Media converges with digital more and more each day.
Even a year ago, would anyone have predicted that Amazon would win a Golden Globe for a show starring Jeffrey Tambor of Arrested Development fame? Or that today you can watch network television without a cable subscription (or even an antenna)? Given these new twists, can we begin to consider how this affects digital analytics as compared with the “ratings” that once drove all media sales?
Today, where media companies sell to advertisers, they continue to offer up the proverbial eyeballs even if no one wants to call it that anymore. How many viewers? How many pre-rolls of the digital video? How many tweets, shares, replays, aborted sessions, repeated sessions? In an ad-sales environment, the data can drive the transfer of lots of real dollars. And typically, media folks just haven’t as reliable a data model today as they once had; consequently making it that much more difficult to help their customers (brands) make decisions about what to buy. And that’s despite the fact they can offer far better targeting and far more depth into audience analytics than was ever before possible.
Why is there even a debate about what’s important in digital media? Aren’t the old-fashioned ratings systems working the way they used to?
Turns out they’re not. And it seems like it’s more about optics than data.
For instance, when television was unchallenged by the Internet as a media outlet, there was just one accepted metric, and that was the Nielsen rating. It was more or less gospel. If you had bad ratings, you had bad advertising sales rates and if you couldn’t sell a 30-second spot for your show at an acceptable rate, then your show got canceled.
The reason the ratings model was accepted was not necessarily because Nielsen had come up with a fault-free method of audience measurement. As likely it was because Nielsen didn’t share a great deal about exactly how they arrived at those ratings numbers. Or at least they owned the methodology and were willing to stand behind it. And media folks had no way of questioning it because they had nothing else to compare it to. Nielsen said: “here are the numbers,” not “here are some methodologies we developed to measure audiences.” I call that a black box. It was easy and it worked.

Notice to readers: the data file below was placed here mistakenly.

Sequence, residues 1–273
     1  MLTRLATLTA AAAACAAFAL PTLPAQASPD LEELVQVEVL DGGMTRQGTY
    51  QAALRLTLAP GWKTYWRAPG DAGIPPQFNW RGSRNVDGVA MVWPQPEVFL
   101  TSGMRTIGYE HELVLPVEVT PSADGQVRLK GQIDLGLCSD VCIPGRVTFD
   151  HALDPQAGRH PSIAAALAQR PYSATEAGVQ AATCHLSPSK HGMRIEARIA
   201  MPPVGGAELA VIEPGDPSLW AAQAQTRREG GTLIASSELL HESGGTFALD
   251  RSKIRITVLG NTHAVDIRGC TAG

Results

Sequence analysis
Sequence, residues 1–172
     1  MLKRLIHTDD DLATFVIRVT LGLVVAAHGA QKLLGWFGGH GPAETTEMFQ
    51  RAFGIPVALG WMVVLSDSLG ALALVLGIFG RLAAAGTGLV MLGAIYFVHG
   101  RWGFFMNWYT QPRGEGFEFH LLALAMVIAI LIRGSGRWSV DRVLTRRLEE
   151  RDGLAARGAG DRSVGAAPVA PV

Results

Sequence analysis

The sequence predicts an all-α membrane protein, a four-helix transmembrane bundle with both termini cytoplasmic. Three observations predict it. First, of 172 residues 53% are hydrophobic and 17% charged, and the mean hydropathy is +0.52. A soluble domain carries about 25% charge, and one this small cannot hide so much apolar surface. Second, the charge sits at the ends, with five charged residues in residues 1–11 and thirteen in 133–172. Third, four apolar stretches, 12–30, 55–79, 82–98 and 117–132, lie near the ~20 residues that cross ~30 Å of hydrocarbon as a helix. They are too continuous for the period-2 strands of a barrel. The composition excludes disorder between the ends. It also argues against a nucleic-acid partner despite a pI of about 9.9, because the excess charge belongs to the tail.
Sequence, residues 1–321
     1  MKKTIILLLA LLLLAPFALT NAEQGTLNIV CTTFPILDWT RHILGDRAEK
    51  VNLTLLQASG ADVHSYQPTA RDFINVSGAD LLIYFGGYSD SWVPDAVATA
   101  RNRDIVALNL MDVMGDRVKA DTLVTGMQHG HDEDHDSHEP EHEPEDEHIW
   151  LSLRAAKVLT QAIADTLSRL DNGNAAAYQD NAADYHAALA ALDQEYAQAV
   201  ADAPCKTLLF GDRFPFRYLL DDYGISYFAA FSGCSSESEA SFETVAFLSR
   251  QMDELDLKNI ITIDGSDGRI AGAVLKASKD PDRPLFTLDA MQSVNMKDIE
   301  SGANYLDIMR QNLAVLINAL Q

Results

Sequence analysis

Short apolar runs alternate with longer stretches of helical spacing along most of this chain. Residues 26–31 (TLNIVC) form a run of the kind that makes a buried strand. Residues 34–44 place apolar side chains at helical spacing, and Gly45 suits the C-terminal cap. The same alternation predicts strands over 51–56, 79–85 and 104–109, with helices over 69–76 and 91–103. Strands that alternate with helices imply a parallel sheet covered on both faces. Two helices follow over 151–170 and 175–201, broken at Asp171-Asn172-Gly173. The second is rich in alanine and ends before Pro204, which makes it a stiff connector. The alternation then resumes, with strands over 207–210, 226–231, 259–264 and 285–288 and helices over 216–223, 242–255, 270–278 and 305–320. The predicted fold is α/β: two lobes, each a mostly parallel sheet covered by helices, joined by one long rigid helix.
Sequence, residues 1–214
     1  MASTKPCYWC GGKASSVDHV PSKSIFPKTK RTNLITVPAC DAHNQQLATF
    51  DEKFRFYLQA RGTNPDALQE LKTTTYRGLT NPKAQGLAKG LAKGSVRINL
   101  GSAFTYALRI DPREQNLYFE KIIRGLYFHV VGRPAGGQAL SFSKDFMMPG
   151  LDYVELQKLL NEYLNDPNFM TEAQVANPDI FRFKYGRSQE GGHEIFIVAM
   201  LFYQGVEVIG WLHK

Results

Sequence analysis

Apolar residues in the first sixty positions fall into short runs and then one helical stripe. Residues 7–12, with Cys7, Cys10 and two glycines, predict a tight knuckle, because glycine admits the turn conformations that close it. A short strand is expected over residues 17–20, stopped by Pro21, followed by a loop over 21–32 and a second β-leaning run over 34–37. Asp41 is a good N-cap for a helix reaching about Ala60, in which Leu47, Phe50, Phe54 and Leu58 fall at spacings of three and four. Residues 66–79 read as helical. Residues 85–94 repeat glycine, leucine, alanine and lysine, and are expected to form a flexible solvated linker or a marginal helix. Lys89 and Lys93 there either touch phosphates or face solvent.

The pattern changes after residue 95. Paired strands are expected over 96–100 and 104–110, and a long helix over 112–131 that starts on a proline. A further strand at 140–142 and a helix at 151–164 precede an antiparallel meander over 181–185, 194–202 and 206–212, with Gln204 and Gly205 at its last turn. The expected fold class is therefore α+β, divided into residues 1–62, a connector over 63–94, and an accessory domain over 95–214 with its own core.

Then came the Internet and, heaven help us, you could look in your browser at the code on a live, published page yourself; almost as if you might have won a spot backstage at the sitcom set and watch them writing the script just before show time. And if you were the “publisher” and wanted to know about who was looking at the page, when, and for how long, you had no choice but to do the counting yourself. Whatever you found out you did not share; and you also could not reasonably compare. For where one sitcom versus another was pretty close to apples/apples, now it became apples/starship. Worse, no one could agree on what an apple was. Or if a starship could be made of apples.
With visibility into methodology came the right to question everything, including the methodology. It’s inherent to the Internet paradigm that no one company measures and presents results. Everyone is their own little Nielsen and they know every flaw in the model and have a thousand reasons not to believe the numbers. It isn’t that it’s less reliable than Nielsen, it’s just that it looks that way.
Somehow, media needs to get back to a model such as Nielsen had. But that might require a black box again, and that seems about as likely as a starship made out of apples.
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